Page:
And while I don’t find Hurtado’s arguments as substantial now as I once did I still have the greatest appreciation for his work and the paths it led me down. My library grew by leaps and bounds from reading his footnotes and bibliographies. My thinking about the importance of actual real life worship practices wouldn’t be what it is without him. I’d take a lot more issue with his work these days than I did in those days but I’d still argue that it’s necessary reading and has to be dealt with by anyone talking about early Christology and Christian origins.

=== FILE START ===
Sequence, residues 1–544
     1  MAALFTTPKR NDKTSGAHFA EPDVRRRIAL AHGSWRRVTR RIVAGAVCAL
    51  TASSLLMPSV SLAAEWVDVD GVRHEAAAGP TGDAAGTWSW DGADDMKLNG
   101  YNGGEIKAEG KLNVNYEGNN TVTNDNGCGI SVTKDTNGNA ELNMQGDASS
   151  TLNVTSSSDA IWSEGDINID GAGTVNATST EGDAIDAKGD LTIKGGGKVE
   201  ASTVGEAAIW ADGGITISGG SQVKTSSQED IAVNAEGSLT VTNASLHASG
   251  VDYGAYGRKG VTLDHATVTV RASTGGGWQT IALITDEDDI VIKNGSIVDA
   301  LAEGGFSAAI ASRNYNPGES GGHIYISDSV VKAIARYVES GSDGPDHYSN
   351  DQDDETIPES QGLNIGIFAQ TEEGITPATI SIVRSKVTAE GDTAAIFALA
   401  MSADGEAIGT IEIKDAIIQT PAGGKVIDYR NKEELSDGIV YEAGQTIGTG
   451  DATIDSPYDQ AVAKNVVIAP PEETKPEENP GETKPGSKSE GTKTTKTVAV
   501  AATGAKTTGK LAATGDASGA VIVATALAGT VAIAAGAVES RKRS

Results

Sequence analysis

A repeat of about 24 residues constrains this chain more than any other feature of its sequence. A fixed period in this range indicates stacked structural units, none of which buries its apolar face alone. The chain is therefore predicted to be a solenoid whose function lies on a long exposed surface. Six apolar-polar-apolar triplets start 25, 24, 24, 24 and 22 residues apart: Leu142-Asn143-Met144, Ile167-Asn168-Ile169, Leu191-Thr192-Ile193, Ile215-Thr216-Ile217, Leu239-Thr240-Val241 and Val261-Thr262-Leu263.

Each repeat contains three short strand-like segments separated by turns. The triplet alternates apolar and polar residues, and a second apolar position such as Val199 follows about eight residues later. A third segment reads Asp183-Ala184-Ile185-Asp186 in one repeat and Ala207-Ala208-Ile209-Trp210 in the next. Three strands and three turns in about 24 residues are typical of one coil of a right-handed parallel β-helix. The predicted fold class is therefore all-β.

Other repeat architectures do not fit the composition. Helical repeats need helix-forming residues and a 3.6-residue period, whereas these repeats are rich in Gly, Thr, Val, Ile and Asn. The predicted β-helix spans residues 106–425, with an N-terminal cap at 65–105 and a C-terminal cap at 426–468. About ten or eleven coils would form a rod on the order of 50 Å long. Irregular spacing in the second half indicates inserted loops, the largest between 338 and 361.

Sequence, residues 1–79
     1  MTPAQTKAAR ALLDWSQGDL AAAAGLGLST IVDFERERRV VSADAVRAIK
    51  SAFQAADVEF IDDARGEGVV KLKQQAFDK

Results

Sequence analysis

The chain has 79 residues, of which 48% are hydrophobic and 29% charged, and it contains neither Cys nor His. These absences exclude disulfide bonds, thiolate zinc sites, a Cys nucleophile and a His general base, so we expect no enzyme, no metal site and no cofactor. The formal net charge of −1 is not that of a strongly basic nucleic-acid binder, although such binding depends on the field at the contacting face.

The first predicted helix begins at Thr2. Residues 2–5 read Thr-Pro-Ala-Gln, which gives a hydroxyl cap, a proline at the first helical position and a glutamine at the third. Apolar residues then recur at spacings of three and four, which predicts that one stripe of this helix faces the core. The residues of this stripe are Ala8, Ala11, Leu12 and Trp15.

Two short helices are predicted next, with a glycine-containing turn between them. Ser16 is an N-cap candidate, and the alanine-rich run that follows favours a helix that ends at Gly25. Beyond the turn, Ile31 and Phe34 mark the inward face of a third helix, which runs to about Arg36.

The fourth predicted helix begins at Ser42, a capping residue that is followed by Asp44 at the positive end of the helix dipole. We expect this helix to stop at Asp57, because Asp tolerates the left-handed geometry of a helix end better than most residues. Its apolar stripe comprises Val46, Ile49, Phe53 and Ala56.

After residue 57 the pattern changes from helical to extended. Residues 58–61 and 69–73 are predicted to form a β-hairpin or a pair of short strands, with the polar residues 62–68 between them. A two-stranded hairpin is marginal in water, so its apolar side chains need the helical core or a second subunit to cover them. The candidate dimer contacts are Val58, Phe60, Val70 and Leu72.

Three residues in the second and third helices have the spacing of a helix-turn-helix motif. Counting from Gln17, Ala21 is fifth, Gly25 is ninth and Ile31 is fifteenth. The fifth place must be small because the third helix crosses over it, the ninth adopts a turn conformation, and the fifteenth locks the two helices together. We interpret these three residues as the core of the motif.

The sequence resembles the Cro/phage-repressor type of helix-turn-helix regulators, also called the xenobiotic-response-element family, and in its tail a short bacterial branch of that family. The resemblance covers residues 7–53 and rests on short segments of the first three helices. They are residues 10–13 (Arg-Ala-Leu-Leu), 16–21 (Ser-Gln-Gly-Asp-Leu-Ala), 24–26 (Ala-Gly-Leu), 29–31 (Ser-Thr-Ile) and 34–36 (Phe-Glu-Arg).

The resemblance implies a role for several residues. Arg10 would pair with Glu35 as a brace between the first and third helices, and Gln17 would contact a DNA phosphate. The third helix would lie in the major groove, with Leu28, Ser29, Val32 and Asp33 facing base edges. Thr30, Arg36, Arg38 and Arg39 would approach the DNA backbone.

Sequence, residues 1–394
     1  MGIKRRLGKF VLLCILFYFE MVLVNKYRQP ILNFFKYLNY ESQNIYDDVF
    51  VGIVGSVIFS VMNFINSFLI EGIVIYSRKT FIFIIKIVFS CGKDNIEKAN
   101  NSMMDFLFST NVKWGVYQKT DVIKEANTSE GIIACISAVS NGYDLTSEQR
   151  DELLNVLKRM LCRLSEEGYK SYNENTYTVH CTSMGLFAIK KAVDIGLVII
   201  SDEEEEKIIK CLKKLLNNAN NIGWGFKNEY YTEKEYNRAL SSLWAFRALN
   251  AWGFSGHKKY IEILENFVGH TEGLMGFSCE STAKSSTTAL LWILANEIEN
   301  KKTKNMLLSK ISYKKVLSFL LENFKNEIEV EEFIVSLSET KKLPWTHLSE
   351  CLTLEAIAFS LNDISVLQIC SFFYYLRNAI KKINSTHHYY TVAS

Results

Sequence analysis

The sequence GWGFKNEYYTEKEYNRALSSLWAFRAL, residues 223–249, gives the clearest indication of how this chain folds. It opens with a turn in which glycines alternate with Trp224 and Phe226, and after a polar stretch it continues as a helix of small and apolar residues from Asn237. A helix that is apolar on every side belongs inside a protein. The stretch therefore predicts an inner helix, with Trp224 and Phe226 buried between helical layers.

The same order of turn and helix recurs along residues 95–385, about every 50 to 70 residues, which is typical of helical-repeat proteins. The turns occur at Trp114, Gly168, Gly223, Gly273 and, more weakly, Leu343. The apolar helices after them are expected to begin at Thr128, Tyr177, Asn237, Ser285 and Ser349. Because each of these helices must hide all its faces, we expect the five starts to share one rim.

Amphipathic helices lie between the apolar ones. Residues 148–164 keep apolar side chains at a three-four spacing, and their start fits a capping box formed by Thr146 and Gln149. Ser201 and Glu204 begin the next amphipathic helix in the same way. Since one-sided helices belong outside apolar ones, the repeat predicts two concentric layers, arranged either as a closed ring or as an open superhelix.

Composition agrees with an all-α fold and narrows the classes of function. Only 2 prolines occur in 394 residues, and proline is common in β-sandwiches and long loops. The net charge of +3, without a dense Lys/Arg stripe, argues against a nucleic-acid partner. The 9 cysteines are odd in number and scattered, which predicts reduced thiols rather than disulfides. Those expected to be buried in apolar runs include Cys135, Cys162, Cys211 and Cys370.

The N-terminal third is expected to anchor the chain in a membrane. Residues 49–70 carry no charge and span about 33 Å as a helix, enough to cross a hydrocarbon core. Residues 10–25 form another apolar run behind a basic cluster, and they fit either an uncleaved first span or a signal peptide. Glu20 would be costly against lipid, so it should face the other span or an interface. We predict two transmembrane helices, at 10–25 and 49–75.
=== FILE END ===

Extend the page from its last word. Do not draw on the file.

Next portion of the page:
I will be praying for him and his family as he deals with his health issues and I invite you to join me in doing so.

– – –

Below is my email in appreciation of Prof. Hurtado and his response. I’ll note that he responded to me on July 4, which is my birthday.

July 3, 2009, 1:59 PM

Hi Prof. Hurtado,

My name is Nick Norelli and I’ve emailed you a couple of times in the past to ask questions and you’ve always graciously responded; for that I am thankful.  I was writing now, not to ask any questions, but rather to express my appreciation for your work.